* Provided by the publisher for review.
2 gnomes out of 5 gnomes
Well, I had to say this sooner or later, “I did not like this book.” Unlike the praise written on the book’s cover, I didn’t find it thrilling, compelling, satisfying, terrifying, or heartbreaking. Heck, I barely found it interesting.
There was no empathizing with the main character, Natalie. This could be because she and I have nothing in common. It could also be because the scenes with her and Sophie tended to leave me confused about which one wanted the most to feed, which one was going through more emotional turmoil, etc. In the beginning of the book, you get that Natalie is the alpha female, more in control of her urges to feed. But she still makes these split second decisions that the reader has no reason to be able to follow and is left with a feeling of confusion, rather than horror.
Yes, there is blood and I’m sure plenty of people have wondered about one vampire eating another, but it just seemed so out of place. I’m fairly certain that you could have the same story in a non-paranormal or horror setting and it might be even more interesting. The story of a stalker who drives a woman from her home with only her best friend as comfort; only to find out that the stalker’s own stalker is after them and all they hold dear. It really sounds like a better plot for a murder mystery/thriller than a paranormal horror.
Then there’s the entire chapter from The Whistler’s Mother’s perspective about Aunt Sally, who seems important in this chapter, but is never mentioned afterwards and plays no real role. I get that we’re supposed to be seeing how The Mother thinks, but there had to be a better way of doing this. Then we find out The Whistler and the woman he calls Mother were lovers. I’m sure it’s just a terminology thing, but if there’s a vampire order here, as implied by the introduction of Aunt Sally, I’m not seeing it.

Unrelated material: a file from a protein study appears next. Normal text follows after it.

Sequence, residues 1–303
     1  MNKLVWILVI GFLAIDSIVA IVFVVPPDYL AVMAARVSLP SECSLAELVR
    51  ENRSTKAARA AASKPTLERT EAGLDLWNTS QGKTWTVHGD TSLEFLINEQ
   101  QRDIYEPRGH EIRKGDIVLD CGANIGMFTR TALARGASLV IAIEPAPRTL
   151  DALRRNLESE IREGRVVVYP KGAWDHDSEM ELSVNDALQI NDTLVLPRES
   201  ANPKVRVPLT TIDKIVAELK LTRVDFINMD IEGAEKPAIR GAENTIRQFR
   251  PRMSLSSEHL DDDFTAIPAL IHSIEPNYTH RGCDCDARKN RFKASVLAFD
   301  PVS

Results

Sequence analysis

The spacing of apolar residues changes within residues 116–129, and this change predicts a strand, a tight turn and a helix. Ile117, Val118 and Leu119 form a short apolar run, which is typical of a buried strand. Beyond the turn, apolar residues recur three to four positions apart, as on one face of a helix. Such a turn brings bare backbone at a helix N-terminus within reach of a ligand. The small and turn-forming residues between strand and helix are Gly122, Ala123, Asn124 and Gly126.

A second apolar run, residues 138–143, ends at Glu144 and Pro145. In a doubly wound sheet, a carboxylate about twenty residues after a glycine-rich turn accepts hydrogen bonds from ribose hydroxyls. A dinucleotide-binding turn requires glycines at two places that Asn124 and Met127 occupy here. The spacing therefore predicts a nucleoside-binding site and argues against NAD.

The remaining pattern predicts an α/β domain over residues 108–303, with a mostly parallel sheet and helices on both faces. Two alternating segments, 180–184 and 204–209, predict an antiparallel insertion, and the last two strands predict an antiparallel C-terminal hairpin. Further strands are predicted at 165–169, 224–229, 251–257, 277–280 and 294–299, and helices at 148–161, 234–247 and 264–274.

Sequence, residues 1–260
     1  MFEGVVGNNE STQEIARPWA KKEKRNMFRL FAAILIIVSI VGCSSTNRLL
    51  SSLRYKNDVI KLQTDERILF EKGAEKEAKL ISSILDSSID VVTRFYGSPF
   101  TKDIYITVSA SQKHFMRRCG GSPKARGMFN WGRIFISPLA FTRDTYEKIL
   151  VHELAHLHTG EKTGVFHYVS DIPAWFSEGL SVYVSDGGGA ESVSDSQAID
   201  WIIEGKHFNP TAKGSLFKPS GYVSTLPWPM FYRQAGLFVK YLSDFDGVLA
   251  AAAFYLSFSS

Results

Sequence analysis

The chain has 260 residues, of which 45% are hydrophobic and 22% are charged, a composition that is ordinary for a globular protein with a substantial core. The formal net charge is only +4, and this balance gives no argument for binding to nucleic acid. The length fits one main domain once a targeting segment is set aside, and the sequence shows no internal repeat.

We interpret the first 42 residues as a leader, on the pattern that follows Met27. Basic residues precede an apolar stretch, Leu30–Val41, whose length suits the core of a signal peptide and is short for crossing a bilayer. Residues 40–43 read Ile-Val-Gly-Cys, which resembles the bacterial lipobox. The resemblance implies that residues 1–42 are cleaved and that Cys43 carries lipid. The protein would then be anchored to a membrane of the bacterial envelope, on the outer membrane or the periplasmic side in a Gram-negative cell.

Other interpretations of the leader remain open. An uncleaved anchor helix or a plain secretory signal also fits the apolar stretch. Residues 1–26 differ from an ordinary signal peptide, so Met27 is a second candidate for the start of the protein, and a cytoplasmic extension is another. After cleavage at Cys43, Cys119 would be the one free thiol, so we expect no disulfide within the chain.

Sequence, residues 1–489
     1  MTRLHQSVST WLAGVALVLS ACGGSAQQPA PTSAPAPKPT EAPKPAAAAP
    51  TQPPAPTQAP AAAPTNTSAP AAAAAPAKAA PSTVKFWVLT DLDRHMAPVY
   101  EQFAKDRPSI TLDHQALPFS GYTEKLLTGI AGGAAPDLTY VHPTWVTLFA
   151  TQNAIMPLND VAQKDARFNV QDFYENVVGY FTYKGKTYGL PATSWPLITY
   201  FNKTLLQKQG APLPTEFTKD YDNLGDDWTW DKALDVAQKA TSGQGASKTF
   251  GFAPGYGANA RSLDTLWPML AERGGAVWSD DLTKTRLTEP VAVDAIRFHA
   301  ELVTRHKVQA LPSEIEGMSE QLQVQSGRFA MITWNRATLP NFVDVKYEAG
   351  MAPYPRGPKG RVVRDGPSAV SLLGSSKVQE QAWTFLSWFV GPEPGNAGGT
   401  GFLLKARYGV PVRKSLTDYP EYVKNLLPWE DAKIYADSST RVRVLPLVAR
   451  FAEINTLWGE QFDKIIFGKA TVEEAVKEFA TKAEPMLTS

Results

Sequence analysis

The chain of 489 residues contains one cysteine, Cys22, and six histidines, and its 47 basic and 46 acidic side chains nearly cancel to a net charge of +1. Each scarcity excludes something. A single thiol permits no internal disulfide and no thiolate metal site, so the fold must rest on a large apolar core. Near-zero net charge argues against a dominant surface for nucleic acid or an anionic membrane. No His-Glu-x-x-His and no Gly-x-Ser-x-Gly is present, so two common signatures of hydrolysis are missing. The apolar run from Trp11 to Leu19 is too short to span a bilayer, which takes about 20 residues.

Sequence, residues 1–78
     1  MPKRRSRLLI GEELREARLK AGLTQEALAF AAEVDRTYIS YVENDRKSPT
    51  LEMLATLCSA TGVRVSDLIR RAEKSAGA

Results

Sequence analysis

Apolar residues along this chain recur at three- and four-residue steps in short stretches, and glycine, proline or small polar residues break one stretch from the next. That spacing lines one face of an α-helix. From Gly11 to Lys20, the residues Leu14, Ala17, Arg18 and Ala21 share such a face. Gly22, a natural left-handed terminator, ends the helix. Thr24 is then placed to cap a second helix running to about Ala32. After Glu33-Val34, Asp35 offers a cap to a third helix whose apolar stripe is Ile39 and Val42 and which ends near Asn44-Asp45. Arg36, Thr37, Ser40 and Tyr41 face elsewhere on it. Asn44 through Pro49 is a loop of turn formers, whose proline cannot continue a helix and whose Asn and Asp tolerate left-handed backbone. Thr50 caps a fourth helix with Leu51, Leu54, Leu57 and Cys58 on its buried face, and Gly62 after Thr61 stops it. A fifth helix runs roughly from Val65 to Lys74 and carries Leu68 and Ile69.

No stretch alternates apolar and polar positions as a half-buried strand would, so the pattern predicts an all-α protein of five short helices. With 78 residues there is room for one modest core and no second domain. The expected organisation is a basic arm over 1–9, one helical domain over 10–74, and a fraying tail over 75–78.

I find that there’s also a plot hole in this book that, could just be me, but how did Natalie’s mother, Jess, know that her daughter was a monster? Her daughter comes in, looks at her mother and says “Don’t let me find you.” I get that Jess is a strong, no-nonsense woman. But she then spends the first chapter from her perspective knowing she’s never going to see her daughter again. Natalie had a considerable wild streak but for some reason Jess knows this time it’s real? Is it a mother-daughter bond that goes beyond what my own mother and I have? Is it a southern mother/daughter thing?
To be fair, it could just be me. I reacted the same to Twilight, so maybe I just have a problem with modern vampires. The Whistler using Twitter to find/follow Natalie across the south does make him an incredibly creepy figure. Any woman with a stalker will understand why he is creepy.
All in all, this book left me feeling more confused and unsatisfied than anything else. There was so much potential for world building, the actual playing with the moonlight, Aunt Sally, The Whistler’s groupies, but it was all left to the wayside for the sake of showing how confused and emotionally distraught the main character was. I’m afraid the most I can muster is 2 gnomes and I feel I’m being generous with that.